West Lancashire will be an even greener area after keen gardeners signed up in their hundreds for the Borough Council’s Free Tree Scheme.
The Council received 794 applications under the scheme, more than five times the usual number of applications.
The theme was fruit trees, and applicants could choose from three different varieties, which were Bramley Apple, Victoria Plum and Conference Pear.
The Free Tree Scheme aims to improve the borough’s environment and attract more wildlife into our gardens.
Those who didn’t want a fruit tree could apply to have a pre-packed wildlife/hedging bundle of 25 whip plants. This was made up of five different species, Hawthorn, Blackthorn, Hazel, Guelder Rose and Rowan. These can be used to create a short section of new hedge, close gaps in an existing hedge or create a wildlife corner in a garden. Many species of birds, bats and insects require the habitat created by planting groups of trees or hedges and the species in this pack will be perfect for attracting wildlife.
The Organic Veg Club from Burscough received nine fruit trees and five hedging packs to help the organisers with planting on their 18-acre site. The Club is a community supported agriculture scheme which was started in 2013 by Neil and Jane Hickson on land that Jane inherited. They are joining people from the local area to grow fresh fruit and vegetables on the land, and members of the project will share what is grown.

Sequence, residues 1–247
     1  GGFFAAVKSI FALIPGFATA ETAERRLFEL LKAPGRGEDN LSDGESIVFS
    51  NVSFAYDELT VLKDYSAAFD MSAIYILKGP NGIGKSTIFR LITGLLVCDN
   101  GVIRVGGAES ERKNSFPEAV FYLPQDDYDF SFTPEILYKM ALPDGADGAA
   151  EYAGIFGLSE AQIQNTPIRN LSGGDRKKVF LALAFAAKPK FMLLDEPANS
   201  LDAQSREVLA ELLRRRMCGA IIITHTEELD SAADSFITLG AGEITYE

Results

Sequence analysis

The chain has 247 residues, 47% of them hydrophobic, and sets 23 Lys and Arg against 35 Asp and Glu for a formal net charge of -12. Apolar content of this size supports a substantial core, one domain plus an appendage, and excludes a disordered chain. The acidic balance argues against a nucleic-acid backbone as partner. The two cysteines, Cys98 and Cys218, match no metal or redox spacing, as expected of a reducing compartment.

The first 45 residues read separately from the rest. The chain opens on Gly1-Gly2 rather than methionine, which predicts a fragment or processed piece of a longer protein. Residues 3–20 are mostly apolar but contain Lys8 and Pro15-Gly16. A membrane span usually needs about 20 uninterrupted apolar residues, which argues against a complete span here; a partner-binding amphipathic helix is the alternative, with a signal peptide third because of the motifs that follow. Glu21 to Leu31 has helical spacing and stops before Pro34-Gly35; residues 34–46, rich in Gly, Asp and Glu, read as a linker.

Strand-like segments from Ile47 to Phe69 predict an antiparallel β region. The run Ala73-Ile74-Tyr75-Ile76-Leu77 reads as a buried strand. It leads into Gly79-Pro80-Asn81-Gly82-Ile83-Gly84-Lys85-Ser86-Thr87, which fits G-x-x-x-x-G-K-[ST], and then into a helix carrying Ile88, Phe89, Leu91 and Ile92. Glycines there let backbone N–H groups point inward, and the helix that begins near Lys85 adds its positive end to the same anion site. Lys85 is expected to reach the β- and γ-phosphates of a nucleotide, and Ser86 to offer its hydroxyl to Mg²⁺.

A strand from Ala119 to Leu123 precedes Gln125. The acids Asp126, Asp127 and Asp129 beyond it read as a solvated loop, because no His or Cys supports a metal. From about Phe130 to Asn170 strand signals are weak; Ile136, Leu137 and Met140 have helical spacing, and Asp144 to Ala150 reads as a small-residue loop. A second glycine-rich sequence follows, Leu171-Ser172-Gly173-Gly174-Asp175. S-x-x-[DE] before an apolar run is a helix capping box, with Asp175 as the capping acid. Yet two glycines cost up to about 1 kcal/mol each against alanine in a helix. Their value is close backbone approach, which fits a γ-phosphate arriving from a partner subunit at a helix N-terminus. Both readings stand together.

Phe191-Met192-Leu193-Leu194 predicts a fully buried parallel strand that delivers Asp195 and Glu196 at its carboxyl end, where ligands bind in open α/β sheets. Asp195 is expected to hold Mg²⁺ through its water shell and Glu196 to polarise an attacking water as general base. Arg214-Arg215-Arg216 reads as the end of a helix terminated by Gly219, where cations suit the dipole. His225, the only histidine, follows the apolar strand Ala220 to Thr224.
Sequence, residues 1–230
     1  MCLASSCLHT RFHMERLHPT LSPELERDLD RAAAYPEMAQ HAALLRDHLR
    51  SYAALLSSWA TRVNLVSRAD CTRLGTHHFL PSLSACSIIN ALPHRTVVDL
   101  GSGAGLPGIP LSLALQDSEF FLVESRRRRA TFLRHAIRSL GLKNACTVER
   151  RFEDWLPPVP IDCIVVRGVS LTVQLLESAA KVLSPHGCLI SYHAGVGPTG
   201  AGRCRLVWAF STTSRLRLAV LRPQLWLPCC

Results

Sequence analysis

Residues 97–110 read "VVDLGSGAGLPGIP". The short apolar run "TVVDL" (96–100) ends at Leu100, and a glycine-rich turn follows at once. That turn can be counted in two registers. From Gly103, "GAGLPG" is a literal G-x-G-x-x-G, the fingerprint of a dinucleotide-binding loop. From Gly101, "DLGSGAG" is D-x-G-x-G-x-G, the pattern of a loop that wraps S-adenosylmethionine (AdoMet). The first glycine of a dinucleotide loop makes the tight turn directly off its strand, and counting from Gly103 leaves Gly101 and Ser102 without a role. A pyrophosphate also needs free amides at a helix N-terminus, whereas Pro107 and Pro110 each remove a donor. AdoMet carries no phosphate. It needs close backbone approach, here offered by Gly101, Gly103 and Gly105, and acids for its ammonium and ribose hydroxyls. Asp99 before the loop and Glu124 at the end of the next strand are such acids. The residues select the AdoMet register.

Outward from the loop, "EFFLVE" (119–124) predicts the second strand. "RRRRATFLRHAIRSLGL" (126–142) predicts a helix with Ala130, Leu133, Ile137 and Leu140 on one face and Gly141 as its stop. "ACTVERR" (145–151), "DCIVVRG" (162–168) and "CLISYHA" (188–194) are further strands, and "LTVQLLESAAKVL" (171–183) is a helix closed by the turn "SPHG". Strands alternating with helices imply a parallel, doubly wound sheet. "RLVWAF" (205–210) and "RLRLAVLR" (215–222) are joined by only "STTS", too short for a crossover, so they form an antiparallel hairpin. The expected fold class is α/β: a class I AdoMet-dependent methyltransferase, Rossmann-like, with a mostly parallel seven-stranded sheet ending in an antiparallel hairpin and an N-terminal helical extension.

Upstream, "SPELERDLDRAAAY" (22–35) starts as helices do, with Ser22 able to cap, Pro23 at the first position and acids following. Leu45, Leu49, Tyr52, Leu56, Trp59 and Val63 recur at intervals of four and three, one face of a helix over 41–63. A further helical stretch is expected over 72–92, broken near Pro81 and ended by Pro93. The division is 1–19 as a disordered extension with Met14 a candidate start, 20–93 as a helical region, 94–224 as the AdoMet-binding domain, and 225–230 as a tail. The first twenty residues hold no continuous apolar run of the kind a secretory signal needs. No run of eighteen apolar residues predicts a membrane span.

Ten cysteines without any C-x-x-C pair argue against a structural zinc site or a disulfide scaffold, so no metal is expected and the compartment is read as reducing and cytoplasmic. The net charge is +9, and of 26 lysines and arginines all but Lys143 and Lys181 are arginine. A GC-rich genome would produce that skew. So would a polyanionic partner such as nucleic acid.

Neil said: “The Club has had a good reception and local people are getting involved and we are looking forward to having our first harvest this year. We are very grateful for the support we have had from the Council through the Free Tree Scheme.”
Councillor Martin Forshaw, portfolio holder for Planning, said: “Applications for the Free Tree Scheme have gone through the roof this year, far eclipsing anything we have done before. This success means that more than 5,000 trees have been planted through the scheme since it began in 2008, helping to make West Lancashire an even more attractive place to live as well as improving the environment and supporting local wildlife.”
All the trees and whips bundles had to be planted in the borough and applicants needed to provide an undertaking to look after the trees in the future. The Council also provided a useful guide showing them how to plant and nurture the trees.